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And as meatpackers race to dominate global markets through lower prices, falling standards cause terrible cruelty, environmental degradation and dangerous, dead-end work. In her overview of the recent mortgage market, Heffernan makes a serious case that competition greatly exacerbated the financial crisis. When the market crashed, there were no safe havens left. She might have benefited from fewer, more in-depth examples of both the costs of competition and the viable alternatives.
Is there a relationship between innovation and the ability to ask ambitious questions? To make his case, Berger tells a variety of stories. One of the most memorable is that of Van Phillips, who lost his lower left leg in a water skiing accident in , when he was in his 20s. Her question set Land to thinking: What if you could somehow have a darkroom inside a camera? That question in turn led Land — the founder of the Polaroid Corporation — to ask how to apply chemicals inside the camera and how to print a positive, among other technical hurdles.
In , the company introduced the first commercial instant camera. Whomever they deemed the winner moved on.
The other person was shot, without mercy, with a paintball gun wielded by my friend Eli, a very good person who was able to turn off his morals to do this job. This show sold out. People around town talked about it. Instead of doing it again, I went back to the more basic stuff. About a year later, I staged a storytelling show where everyone was required to tell stories of pooping their pants. Instead of the traditional microphone stand or podium you might find at a storytelling show, I placed a toilet center stage.
Everyone was required to pull down their pants and sit on the toilet while telling a crowd about times they shat themselves. It was also massively popular. I took great joy in staging a conversation at Peter McManus, a bar in Chelsea comedians love to visit.
These harmless conversations got analyzed in back booths with great vigor.
For about a month, this became a dominant topic of conversation in my community. People created their own ranking systems. But who would win in a fucking street fight? Then, a moment of inspiration struck.
A few other masochistic comedians and I rented a warehouse in Brooklyn. We set up four stanchions and connected them with police tape to make ropes for our makeshift ring. We hired a professional boxing referee. Six pairs of comedians faced off.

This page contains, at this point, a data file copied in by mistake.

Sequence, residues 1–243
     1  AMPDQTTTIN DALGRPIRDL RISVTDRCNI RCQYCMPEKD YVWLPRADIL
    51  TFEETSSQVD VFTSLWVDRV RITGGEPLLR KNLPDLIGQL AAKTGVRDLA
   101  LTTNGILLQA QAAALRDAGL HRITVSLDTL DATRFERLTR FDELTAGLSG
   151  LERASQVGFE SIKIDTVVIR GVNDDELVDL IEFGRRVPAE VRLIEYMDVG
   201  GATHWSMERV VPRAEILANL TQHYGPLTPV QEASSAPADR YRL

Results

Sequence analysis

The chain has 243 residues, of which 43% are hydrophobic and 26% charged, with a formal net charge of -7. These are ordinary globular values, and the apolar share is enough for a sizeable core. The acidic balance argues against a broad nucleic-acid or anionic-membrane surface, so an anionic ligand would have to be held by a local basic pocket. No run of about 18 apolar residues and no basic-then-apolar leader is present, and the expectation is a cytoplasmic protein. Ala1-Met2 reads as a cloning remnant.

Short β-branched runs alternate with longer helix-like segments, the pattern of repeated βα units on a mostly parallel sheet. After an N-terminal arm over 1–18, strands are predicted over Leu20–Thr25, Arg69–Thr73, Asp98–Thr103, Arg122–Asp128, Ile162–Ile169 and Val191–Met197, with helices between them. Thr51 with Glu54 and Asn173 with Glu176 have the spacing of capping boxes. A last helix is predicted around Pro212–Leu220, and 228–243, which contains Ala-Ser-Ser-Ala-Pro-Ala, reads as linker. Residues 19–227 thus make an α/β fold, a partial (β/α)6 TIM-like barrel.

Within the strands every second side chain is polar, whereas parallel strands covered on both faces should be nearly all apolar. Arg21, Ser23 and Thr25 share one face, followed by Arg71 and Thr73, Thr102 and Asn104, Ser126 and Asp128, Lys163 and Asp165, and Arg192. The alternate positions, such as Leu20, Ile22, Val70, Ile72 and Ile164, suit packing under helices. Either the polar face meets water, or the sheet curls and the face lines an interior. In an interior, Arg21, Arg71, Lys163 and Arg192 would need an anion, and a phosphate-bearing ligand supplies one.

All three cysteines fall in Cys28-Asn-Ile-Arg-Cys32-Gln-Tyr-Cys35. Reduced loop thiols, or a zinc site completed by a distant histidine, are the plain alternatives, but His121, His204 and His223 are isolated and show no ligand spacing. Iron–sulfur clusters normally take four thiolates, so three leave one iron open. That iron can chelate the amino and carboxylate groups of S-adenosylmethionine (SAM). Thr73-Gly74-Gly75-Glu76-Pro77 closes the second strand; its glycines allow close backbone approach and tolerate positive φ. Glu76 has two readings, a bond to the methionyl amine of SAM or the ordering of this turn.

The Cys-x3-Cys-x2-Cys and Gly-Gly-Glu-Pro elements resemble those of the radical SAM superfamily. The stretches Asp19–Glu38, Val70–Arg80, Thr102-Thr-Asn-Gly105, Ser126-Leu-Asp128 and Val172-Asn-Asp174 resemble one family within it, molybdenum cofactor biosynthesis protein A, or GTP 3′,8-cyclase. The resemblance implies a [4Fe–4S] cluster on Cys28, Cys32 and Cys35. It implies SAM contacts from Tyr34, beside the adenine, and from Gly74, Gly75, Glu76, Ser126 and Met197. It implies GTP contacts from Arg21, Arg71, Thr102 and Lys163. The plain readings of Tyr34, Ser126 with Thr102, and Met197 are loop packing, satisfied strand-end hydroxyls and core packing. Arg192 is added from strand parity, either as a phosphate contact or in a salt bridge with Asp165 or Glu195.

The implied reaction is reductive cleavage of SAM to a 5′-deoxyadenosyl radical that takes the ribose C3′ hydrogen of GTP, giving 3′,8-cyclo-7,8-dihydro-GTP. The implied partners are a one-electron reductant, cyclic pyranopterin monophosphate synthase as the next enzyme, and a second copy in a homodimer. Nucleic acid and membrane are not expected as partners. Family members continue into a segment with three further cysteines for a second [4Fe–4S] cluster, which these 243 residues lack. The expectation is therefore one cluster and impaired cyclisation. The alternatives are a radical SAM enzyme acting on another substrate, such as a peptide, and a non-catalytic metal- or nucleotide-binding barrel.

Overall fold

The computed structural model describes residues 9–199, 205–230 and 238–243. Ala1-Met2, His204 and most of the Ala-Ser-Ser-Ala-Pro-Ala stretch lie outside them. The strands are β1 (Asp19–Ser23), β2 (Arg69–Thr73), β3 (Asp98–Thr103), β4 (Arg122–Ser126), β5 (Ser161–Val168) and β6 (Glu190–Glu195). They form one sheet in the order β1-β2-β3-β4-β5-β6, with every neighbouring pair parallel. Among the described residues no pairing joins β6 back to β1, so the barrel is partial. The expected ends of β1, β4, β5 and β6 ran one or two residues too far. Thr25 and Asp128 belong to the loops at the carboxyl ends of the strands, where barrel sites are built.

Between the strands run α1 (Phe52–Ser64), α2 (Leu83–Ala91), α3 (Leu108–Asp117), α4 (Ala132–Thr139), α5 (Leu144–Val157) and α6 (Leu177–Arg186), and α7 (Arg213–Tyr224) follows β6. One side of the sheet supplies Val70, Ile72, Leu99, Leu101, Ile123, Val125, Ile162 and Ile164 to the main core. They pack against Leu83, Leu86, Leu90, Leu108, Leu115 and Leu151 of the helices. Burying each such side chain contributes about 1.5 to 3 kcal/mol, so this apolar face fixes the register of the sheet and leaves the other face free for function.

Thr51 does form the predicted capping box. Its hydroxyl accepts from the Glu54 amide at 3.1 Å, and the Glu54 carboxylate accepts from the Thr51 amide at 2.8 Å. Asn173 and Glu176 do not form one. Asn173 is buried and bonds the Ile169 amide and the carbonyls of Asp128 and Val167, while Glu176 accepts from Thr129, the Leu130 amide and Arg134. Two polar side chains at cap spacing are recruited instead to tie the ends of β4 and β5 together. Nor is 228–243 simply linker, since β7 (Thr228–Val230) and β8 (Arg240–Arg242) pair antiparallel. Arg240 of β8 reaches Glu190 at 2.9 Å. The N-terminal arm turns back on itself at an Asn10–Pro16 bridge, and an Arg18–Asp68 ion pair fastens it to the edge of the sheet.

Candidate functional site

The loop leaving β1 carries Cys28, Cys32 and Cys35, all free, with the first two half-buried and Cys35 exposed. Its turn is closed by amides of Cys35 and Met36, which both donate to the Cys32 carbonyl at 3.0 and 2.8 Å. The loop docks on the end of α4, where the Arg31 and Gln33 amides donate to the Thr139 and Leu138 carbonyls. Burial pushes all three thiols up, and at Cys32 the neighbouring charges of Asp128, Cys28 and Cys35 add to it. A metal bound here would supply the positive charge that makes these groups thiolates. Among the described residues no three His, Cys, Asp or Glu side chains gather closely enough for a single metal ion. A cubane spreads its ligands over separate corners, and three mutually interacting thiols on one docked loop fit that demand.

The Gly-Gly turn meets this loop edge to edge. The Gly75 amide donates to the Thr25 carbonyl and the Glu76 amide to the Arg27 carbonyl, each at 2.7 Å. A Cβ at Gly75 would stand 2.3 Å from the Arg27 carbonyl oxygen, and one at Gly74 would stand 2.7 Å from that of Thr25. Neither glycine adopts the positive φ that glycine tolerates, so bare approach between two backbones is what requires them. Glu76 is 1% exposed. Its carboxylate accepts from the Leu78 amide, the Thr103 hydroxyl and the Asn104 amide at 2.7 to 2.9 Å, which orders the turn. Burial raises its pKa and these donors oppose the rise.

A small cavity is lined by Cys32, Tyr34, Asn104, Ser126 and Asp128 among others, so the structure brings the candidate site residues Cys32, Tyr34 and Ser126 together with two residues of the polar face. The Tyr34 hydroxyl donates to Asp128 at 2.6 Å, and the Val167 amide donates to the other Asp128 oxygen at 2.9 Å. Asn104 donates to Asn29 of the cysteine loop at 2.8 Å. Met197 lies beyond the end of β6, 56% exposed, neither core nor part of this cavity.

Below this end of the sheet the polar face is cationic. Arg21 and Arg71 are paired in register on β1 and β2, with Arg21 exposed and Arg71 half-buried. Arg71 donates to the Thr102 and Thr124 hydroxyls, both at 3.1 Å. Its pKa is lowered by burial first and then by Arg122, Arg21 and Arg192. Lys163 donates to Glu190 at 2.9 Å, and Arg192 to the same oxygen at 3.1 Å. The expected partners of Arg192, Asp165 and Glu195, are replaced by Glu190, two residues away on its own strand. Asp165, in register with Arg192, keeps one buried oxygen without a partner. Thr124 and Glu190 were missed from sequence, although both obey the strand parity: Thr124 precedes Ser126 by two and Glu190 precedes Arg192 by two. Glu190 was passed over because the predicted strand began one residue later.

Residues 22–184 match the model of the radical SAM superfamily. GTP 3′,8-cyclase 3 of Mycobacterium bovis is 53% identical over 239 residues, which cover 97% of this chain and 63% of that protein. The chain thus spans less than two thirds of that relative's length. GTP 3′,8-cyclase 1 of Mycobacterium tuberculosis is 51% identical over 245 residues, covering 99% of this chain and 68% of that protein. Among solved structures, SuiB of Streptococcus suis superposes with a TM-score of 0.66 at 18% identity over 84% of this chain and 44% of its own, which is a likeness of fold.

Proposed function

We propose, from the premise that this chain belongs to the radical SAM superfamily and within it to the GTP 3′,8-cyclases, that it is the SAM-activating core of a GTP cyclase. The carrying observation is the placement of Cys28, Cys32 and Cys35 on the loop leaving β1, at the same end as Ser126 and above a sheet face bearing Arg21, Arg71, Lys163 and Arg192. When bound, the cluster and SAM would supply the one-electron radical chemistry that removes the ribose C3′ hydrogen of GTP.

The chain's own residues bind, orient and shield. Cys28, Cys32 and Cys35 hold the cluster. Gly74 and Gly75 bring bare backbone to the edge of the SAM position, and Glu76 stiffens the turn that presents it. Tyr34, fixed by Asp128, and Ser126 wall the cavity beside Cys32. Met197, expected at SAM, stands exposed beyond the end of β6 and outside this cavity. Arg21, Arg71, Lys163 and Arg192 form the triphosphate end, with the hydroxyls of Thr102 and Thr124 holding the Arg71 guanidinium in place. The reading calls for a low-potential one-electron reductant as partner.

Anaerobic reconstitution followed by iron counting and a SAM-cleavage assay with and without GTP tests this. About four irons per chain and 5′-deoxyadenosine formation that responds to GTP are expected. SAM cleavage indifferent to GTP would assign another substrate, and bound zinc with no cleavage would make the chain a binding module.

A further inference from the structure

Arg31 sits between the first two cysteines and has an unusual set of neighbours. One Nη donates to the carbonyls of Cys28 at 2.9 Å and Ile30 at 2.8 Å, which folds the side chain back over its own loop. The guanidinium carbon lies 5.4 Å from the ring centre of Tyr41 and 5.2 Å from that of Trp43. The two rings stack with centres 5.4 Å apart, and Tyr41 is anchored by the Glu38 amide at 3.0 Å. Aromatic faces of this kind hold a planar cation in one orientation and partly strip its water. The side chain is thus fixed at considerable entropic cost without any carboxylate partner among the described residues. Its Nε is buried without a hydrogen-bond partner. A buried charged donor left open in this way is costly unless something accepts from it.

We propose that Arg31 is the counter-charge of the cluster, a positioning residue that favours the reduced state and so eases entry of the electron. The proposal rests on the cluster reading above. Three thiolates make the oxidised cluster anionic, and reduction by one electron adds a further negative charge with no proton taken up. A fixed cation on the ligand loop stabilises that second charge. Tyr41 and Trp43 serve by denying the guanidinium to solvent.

Some of us took boxing lessons in the weeks leading up to the fights. Then, we fought. The first fight quickly showed that this day would be taken seriously.
In real life, he is a warm, inviting guy, but in the ring he has a heart of stone and a jab that can draw blood. Everyone present at the warehouse agreed to keep the results under lock and key.
We screened all six fights to a bloodthirsty sold-out crowd at the UCB Theatre. Paul Scheer took bets. I buzzed with energy.
It was a thrilling night. But when I got home, I lay in my bed unable to sleep because I thought everyone was going to think all I could do well was weird stuff. In , a group of students at New York University took to my comedy.
They showed up at every show I did. They sometimes wore homemade T-shirts with hand-drawn sketches of my face on them or phrases like geth busy living or geth busy dying. But they were insistent that their affection was genuine. It got under my skin. I felt like I was being made fun of. So I joined the group. To my shock, they did. We did the math and realized to make this bus pay for itself, we had to charge forty dollars a ticket. That was an exorbitant price for young comedy fans in New York City who are used to their shows being priced at five bucks.
It sold out right away. I drove people to the actual locations of some of my most strange, grim experiences and told them the tales up close and personal. I even brought a group of sixty random people into the basement of the house I grew up in, which my family had sold eleven years prior.
I stood near a wall, narrating events from my childhood. In , I was feeling restless and wanted to mount some sort of new show. My sincere hope was to make something industry friendly. Something that people who have hiring power in the comedy world might see.
Maybe I could get a staff writing job on one of the comedy shows that filmed in New York.
The Daily Show. I just had to figure out how to make it clear that I could play ball by the terms of those productions. I hatched an idea: By showing off my version of a talk show, I hoped I could put myself in a position to get a job with one someday. Why do you want to put on a shirt and tie?